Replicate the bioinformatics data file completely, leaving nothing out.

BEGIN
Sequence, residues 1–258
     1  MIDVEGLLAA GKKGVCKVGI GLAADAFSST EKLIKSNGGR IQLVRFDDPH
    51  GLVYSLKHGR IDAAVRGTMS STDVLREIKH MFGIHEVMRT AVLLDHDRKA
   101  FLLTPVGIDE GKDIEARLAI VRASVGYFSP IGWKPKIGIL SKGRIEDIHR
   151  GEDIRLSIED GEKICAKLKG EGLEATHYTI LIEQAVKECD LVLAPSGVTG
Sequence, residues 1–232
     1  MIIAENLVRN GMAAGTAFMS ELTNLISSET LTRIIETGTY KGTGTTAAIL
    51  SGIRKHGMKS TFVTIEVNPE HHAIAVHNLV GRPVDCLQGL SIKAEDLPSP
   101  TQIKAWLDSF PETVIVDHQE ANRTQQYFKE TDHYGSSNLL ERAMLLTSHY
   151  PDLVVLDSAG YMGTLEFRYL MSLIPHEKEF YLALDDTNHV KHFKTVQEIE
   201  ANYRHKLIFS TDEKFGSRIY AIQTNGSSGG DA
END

Sequence, residues 1–258
     1  MIDVEGLLAA GKKGVCKVGI GLAADAFSST EKLIKSNGGR IQLVRFDDPH
    51  GLVYSLKHGR IDAAVRGTMS STDVLREIKH MFGIHEVMRT AVLLDHDRKA
   101  FLLTPVGIDE GKDIEARLAI VRASVGYFSP IGWKPKIGIL SKGRIEDIHR
   151  GEDIRLSIED GEKICAKLKG EGLEATHYTI LIEQAVKECD LVLAPSGVTG
Sequence, residues 1–232
     1  MIIAENLVRN GMAAGTAFMS ELTNLISSET LTRIIETGTY KGTGTTAAIL
    51  SGIRKHGMKS TFVTIEVNPE HHAIAVHNLV GRPVDCLQGL SIKAEDLPSP
   101  TQIKAWLDSF PETVIVDHQE ANRTQQYFKE TDHYGSSNLL ERAMLLTSHY
   151  PDLVVLDSAG YMGTLEFRYL MSLIPHEKEF YLALDDTNHV KHFKTVQEIE
   201  ANYRHKLIFS TDEKFGSRIY AIQTNGSSGG DA